Interesting Paragraph in the LA TimesS

I learned from one of the threads on Lacey's Tonight Show layoff post that Sean Saves the World has been cancelled. Perhaps indicative of their problem is that every week as I've streamed the show, I've thought that I should post about it to Crosstalk, but then I'd forget and not remember again until the next week.

Basically, I've wanted to say how everyone on the show holds their own, even the fellow from that god-awful thing with Don Johnson's daughter last year, but it's really great that Linda Lavin hasn't lost a step and I believe Thomas Lennon could steal the show.

When I learned from the Defamer thread that NBC had stopped production, I ran the title through a search engine to learn more. Because I like to start with the more credible, this led me to a bit from the Los Angeles Times which I thought had an interesting paragraph.

NBC, which also canceled "The New Normal" last year after just one season, has not given up on series about gay families. This week the network announced it had ordered a sitcom pilot produced by Ellen DeGeneres about a pregnant lesbian and her straight male best friend.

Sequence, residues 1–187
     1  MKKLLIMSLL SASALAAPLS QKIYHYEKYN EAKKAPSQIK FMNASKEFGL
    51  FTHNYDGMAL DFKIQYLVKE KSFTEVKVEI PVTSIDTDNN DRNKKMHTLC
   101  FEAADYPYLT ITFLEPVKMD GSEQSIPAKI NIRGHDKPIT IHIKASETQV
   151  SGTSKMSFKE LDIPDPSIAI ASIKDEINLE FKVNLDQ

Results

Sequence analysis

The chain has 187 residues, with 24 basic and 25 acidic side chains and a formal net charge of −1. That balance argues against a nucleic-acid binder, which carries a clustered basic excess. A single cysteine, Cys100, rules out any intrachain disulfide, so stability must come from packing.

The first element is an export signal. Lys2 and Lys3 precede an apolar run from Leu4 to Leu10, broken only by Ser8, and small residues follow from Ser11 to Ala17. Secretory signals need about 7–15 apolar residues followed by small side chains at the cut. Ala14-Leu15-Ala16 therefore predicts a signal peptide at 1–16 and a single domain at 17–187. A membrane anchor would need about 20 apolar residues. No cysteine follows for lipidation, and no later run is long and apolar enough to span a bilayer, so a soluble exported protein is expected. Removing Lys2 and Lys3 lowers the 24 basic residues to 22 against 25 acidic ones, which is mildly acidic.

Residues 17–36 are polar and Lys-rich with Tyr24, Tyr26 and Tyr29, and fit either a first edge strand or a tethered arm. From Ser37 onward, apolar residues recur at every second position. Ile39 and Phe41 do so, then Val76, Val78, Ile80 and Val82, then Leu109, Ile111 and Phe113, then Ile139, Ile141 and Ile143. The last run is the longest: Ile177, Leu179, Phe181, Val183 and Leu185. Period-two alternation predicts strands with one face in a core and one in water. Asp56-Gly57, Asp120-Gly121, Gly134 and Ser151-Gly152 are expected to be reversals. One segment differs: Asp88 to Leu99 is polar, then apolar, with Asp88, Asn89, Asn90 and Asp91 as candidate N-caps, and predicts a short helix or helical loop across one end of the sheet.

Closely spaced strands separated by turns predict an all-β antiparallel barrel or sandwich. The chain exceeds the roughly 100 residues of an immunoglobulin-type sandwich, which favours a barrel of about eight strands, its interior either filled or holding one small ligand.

I'd certainly agree with the writer's characterization of The New Normal as being about "gay families" — though I'm not sure about the phrasing, but I agree with the point. Another of those things which had been on my list of things to blog at one time was how great I thought it was as a cultural touchstone and I wasn't really that disappointed when the show wasn't renewed because I thought they had told a good story in full, so it had an end.

What I find interesting is Sean Saves the World being described the same way.

Sure, if you get out a Webster's, the definition might be true — Sean was gay and he had a family — but other than mentions of old boyfriends, a date or two and the episode where he went all flamboyant to do something nice for his kid, "gay" wasn't really a big part of the show. A lot more of his "family" was about his relationship with his mother (Lavin) and probably half of every episode was a workplace comedy.